Arthropod Systematics & Phylogeny 77(2): 267-284, doi: 10.26049/ASP77-2-2019-05
Morphology and evolution of spider book lungs (Araneae)
expand article infoNico Küntzel, Jason A. Dunlop, Gerhard Scholtz
‡ Humboldt - Universitaet zu Berlin, Berlin, Germany
Open Access
Book lungs are an iconic character for arachnids, yet previous accounts of their morphology in spiders (Arachnida: Araneae) are based on sporadic reports from a few species using a diverse suite of terminologies. Here, we focus on the fine structure of spider book lungs using standardized terminology and a wider taxon sampling of seven species studied as histological sections and forty species studied with scanning electron microscopy. All spider lungs share a similar basic morphology, which also matches the ground pattern for arachnids in general. This includes a spiracle opening into an atrium with a folded wall from which stacked lamellae containing pillar cells project into a haemolymph sinus. The air spaces are separated by proximal trabeculae, which span the space completely, and distal trabeculae which originate from the lamellar dorsal surface. Within this framework, several differences amongst spider lungs could be identified. Distal trabeculae can be pilate or reticulate. Lamellar margins pointing into the atrium can be echinate, arbuscular-reticulate or arbuscular-reticulate-echinate. The atrium wall can be psilate, verrucate or arbuscular-reticulate. The character states identified here offer new perspectives for apomorphies of major spider clades. Reticulate distal trabeculae are only seen in the Mygalomorphae investigated here. The arbuscular-reticulate condition on the lamellar margin is only seen in representatives of Opisthothelae- with a further modification to arbuscular-reticulate-echinate in the Ctenidae. With one notable exception, an arbuscular-reticulate atrium wall is seen in the Araneomorphae sampled. These data are further compared to other pulmonate arachnids. Book lung fine structure in the earliest branching spider clade - the Mesothelae - matches the condition observed for the closely related Amblypygi (whip spiders).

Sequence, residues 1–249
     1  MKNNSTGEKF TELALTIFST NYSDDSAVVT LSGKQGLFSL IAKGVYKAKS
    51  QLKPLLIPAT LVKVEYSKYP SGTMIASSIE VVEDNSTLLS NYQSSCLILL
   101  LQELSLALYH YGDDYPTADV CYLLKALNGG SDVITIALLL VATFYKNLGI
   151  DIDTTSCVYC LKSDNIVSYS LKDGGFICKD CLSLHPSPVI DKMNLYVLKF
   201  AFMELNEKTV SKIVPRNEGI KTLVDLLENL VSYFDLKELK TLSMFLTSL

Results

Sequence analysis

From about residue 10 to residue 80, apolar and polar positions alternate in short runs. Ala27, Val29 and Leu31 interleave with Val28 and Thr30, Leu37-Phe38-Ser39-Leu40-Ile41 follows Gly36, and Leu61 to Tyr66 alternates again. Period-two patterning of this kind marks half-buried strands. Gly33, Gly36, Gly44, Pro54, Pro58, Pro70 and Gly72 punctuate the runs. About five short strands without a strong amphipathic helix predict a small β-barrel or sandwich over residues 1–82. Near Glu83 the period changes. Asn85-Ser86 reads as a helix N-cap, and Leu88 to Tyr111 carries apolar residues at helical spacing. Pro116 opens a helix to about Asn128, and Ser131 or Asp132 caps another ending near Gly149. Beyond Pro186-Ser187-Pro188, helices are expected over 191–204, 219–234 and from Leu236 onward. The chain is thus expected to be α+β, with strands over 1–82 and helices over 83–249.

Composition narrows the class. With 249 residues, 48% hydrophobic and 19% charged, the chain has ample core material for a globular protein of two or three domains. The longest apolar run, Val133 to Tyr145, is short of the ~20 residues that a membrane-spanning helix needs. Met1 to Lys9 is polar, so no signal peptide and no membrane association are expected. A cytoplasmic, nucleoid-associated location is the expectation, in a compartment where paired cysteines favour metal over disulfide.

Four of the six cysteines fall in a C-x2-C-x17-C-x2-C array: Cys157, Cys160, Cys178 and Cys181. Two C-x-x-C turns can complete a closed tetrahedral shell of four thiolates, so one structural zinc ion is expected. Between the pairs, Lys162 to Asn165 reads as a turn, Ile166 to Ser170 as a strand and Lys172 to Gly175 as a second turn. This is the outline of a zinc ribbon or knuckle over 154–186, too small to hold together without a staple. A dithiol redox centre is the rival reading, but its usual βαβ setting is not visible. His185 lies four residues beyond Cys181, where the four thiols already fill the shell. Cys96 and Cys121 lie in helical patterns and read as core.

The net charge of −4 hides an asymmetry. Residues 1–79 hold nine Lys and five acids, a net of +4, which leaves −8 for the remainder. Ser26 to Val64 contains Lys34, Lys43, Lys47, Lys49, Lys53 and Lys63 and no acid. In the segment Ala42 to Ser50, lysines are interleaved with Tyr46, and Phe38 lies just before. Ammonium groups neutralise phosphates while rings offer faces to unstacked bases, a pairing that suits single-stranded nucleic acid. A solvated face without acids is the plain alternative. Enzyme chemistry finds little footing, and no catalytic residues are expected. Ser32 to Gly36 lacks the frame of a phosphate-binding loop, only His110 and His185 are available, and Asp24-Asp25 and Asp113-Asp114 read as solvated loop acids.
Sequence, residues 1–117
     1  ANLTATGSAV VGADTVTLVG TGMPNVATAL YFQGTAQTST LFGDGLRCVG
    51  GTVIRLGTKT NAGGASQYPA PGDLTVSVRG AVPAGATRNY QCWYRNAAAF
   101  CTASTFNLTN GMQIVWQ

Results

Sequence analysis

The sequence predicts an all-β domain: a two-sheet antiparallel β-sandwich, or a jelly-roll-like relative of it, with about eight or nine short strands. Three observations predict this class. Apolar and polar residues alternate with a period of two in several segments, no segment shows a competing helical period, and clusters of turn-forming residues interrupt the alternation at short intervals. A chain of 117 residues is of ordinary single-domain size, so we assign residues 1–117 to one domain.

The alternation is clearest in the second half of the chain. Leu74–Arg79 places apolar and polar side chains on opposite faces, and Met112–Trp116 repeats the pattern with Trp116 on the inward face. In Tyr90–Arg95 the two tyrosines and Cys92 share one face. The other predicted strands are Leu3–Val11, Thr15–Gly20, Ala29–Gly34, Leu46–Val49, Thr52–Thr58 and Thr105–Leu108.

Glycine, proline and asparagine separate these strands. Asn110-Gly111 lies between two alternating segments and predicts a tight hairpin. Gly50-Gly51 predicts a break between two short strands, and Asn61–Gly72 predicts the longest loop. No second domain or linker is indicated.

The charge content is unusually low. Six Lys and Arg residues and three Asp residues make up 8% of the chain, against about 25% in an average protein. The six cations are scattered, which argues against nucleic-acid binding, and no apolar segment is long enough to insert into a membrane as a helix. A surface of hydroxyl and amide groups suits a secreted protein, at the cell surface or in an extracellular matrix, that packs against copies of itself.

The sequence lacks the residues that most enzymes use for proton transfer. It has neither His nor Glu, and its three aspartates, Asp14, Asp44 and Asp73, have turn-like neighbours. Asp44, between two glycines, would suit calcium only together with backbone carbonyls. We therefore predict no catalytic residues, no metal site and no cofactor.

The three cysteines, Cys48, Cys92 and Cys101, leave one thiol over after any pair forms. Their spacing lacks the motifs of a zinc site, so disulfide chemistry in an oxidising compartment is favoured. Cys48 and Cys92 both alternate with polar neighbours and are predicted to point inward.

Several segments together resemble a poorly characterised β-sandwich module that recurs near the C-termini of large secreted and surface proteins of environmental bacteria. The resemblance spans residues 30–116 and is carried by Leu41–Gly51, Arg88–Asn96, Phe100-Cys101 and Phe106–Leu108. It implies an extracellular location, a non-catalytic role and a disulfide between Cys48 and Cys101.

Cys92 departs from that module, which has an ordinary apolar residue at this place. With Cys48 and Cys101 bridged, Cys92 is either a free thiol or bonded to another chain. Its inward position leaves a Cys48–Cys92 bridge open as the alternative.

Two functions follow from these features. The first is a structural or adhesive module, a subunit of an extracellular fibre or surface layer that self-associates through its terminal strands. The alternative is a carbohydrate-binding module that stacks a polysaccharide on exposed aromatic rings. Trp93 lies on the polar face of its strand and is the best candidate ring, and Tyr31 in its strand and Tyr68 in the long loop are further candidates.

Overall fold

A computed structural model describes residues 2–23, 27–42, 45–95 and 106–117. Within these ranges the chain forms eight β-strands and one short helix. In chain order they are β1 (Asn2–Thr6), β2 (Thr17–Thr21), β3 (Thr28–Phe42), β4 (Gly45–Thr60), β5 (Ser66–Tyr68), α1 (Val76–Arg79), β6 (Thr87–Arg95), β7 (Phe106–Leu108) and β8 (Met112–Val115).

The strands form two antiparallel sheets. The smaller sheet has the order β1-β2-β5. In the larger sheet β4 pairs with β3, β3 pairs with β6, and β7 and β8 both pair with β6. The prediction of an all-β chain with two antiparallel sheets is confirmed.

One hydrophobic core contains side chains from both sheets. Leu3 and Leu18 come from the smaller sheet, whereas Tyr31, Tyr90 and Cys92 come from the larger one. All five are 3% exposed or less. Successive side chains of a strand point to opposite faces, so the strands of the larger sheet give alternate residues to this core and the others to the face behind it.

Arachnida, Araneae, book lung, morphology, Scorpiones, Amblypygi, Uropygi.